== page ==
Soon, YouTube will be carrying ad-supported TV shows from CBS, clips from LionsGate movies with pre-rolls and post-rolls, full-length movies from MGM and exclusive content from one of the world’s leading reality-show producers. Not bad for a site that started with video clips of funny cats and skateboard pratfalls, and is still considered by some to be a kind of trailer-park ghetto of video (yes, Mark Cuban, we’re looking at you). With Hulu.com adding plenty of mainstream content too, the competition in online video definitely seems to be heating up.
Metro-Goldwyn-Mayer Studios will kick off the partnership by posting episodes of its decade-old â€œAmerican Gladiatorsâ€ program to YouTube, along with full-length action films like â€œBulletproof Monkâ€ and â€œThe Magnificent Sevenâ€ and clips from popular movies like â€œLegally Blonde.â€
Wow — the chance to watch old episodes of American Gladiators and Bulletproof Monk. Hold me back.
Robert McLaws, for example, mentioned what I think is a pretty routine occurrence for most people when watching YouTube videos, and that’s the “buffering” message (I get that a fair bit even though I have an 8-megabit connection). John Brandon at Computerworld mentioned the crappy quality of most YouTube videos, and Nick Carlson at Silicon Alley Insider noted that YouTube videos aren’t actually streamed, but are downloaded to the user’s computer — meaning they can easily be copied.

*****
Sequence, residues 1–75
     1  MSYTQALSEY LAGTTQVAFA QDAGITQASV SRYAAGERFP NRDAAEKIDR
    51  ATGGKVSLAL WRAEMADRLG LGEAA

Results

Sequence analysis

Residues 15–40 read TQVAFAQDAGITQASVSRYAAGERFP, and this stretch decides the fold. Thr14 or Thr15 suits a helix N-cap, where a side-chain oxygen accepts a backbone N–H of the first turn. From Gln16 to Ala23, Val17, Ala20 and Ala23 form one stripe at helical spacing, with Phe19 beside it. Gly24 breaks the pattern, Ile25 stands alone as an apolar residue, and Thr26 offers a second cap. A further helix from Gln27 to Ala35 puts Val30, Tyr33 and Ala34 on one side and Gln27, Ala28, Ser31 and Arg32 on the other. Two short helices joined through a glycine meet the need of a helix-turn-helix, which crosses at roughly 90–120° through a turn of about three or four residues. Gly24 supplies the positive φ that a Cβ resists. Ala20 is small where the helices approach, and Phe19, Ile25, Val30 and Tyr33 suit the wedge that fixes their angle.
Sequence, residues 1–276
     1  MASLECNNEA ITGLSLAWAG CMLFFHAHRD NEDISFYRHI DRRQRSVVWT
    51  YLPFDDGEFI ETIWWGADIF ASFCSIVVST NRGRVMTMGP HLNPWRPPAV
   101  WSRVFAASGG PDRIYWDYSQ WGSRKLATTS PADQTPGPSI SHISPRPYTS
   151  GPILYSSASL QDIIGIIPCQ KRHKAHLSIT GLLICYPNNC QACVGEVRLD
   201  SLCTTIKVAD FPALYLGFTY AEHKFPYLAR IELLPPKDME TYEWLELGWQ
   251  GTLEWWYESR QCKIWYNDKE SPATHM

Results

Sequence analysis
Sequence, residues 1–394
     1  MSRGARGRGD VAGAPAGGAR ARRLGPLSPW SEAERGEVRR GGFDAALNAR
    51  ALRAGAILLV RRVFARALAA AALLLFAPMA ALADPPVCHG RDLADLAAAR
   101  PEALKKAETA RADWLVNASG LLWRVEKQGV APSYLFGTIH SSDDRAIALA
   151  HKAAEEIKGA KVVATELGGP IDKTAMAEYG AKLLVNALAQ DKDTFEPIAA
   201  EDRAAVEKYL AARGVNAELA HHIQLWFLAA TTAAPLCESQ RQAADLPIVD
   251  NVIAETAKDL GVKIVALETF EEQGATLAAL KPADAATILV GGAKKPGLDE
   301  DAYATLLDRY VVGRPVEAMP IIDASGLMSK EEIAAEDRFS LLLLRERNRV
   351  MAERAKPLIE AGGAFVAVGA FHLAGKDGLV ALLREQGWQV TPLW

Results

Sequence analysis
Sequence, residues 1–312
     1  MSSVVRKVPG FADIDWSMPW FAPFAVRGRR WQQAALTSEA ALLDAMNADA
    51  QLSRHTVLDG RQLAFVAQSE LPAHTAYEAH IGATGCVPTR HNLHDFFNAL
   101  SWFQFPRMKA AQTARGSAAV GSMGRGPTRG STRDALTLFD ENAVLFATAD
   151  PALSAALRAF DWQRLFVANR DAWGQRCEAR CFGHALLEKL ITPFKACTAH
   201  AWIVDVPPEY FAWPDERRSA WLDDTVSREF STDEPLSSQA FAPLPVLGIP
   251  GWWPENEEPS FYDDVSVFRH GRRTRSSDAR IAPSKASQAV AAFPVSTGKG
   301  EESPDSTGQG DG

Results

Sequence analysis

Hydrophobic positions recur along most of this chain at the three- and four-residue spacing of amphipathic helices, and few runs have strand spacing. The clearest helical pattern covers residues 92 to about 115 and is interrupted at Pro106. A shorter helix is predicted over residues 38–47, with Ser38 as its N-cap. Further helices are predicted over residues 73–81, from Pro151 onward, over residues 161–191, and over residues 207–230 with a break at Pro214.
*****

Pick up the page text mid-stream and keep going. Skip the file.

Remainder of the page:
YouTube has responded to the McCain campaign (while stifling a chuckle, perhaps?) that it can’t play favourites just because the senator is in the midst of an election campaign, and that while Mr. McCain no doubt thinks his clips are of extra importance, “there is a lot of other content on our global site that our users around the world find to be equally important.” Then comes the real zinger: YouTube’s general counsel Zahavah Levine says that: “We hope that as a content uploader, you have gained a sense of some of the challenges we face everyday in operating YouTube.” Bam.
That clip has been watched more than 3 million times on YouTube, which is a big plus for the network. Except that the video that’s getting all of the views wasn’t uploaded by CBS — or was it? As Michael Learmonth describes in a piece for Advertising Age, the clip was uploaded by a user named 1970oaktree, and doesn’t have any CBS pre-roll advertising or anything like that. It also wasn’t uploaded to the official CBS channel. But 1970oaktree has only been a member of YouTube for about a week, and the Letterman video is the only thing he or she has ever uploaded.